Breast cancer patients at Rutgers Cancer Institute are actively being referred to an ongoing clinical trial that seeks to understand the effects of hormonal therapy and chemotherapy on the brain – manifestations dubbed informally as “Chemo Brain”. The study is being conducted by the Kessler Foundation together with the Cancer Institute of New Jersey, and is funded by the National Institutes of Health.
Oftentimes, when breast cancer patients go through any or both of these forms of treatment, they develop side effects that can make concentrating, remembering, and tasks that require intensive hand movement unusually difficult. While these are not life-threatening, they can seriously affect patients’ quality of life. The study is attempting to understand these effects, thought to be caused by cancer medication, by examining neurologic changes within breast cancer patients’ brains.
Dr. Serena Wong, a medical oncologist at the Cancer Institute and an assistant professor of medicine at Rutgers Robert Wood Johnson Medical School, serves as the study’s referring physician and leads the screening process for willing participants in the study. “The brain typically recovers from these cognitive side effects over time, but subtle changes can sometimes persist for years. This study will enable investigators to better understand the relationship between cancer treatments and brain function. Our goal is to find ways to minimize or even prevent the effects of ‘chemo brain,’ thus helping to improve the patient’s quality of life,” she said in a news release.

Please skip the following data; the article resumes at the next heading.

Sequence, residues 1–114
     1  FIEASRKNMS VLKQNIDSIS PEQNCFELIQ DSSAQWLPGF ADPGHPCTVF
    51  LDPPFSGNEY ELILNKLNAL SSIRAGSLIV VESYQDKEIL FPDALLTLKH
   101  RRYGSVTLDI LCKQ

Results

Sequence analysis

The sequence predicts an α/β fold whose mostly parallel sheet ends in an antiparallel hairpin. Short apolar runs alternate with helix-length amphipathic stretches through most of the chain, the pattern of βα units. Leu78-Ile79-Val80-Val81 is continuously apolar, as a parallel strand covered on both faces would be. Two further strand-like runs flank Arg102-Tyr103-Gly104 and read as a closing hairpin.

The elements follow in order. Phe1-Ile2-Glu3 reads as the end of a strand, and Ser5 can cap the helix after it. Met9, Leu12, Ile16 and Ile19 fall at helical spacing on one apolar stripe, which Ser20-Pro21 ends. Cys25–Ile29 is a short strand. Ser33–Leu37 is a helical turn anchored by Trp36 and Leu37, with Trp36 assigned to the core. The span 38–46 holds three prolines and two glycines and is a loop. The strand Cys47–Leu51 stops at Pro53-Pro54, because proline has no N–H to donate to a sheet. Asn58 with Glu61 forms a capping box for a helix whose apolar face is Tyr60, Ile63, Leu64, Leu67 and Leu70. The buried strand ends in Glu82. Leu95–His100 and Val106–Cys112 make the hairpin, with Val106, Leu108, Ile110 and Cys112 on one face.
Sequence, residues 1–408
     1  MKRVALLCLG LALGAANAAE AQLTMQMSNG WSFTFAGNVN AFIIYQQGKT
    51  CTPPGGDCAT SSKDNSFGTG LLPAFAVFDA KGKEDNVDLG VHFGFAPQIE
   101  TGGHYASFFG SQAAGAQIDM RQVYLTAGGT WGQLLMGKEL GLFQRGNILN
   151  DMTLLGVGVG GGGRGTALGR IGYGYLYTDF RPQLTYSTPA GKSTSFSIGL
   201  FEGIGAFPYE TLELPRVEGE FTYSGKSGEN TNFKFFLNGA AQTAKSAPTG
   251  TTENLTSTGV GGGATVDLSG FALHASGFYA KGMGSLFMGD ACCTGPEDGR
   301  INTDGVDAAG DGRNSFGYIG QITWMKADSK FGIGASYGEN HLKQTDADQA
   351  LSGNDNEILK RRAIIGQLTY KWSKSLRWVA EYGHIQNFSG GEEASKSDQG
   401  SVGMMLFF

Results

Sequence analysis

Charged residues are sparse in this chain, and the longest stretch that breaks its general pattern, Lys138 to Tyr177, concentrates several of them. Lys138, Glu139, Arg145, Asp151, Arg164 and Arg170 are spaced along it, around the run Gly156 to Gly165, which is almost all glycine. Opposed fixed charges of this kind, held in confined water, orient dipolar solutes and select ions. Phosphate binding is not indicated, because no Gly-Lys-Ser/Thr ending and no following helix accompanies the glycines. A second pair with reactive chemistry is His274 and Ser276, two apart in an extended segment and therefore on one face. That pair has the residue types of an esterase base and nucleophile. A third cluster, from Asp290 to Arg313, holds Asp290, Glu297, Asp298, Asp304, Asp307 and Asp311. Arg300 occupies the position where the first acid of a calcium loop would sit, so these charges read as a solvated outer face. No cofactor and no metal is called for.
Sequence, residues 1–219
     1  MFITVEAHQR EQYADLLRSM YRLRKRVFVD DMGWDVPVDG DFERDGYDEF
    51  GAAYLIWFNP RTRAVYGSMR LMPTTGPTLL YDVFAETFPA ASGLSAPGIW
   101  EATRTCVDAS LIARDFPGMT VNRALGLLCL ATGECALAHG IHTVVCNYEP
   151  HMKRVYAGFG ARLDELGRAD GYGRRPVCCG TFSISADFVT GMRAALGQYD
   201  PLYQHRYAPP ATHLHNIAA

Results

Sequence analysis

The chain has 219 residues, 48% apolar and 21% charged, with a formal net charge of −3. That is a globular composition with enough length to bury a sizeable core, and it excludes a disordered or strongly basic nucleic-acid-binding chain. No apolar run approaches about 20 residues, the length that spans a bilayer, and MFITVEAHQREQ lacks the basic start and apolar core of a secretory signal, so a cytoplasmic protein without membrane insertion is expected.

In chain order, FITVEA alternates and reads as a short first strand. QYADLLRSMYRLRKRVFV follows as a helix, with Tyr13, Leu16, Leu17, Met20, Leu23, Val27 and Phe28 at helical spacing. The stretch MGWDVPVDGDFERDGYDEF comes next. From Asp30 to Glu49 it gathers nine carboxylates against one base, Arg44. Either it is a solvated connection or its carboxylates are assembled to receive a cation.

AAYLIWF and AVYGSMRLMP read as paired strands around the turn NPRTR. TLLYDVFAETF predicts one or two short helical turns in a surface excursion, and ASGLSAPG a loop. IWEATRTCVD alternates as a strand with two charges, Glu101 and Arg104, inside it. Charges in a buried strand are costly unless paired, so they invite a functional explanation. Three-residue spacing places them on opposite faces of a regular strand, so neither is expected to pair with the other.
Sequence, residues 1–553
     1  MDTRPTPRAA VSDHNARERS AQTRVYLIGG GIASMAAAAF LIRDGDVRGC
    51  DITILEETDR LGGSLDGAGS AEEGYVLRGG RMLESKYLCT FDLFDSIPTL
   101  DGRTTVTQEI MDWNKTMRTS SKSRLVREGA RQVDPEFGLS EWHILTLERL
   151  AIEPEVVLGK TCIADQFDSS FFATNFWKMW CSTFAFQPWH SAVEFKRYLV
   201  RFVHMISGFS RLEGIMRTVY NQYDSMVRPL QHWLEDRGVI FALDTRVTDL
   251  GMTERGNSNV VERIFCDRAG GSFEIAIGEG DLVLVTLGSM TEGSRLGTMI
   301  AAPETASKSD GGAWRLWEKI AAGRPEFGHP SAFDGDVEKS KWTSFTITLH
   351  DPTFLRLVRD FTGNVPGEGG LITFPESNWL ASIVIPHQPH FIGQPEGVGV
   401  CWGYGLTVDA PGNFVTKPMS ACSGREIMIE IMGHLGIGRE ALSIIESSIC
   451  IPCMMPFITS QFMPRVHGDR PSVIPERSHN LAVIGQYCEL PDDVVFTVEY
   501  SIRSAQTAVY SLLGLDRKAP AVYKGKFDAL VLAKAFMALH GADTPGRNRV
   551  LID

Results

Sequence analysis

Patients who pass the screening process will be asked to complete 2 to 3 appointments, 4 to 6 months apart during their prescribed course of either chemotherapy or hormone therapy. During these appointments, the patients will undergo MRIs of their brain, a brief series of tests with a painless magnetic pulse, designed to evaluate neurologic health, and will have their brain activity measured during certain tasks.
Patient criteria are as follows: females aged 50 to 70 years old, post-menopausal, right-handed, and have undergone or are scheduled to undergo surgery, chemotherapy or hormone therapy for their breast cancer. The clinical trial also welcomes healthy volunteers to comprise the control group.
Those who wish to learn more about the clinical trial on “Chemo Brain” may contact the researchers by dialling 800-248-3221 extension 3525, or e-mailing email@example.com.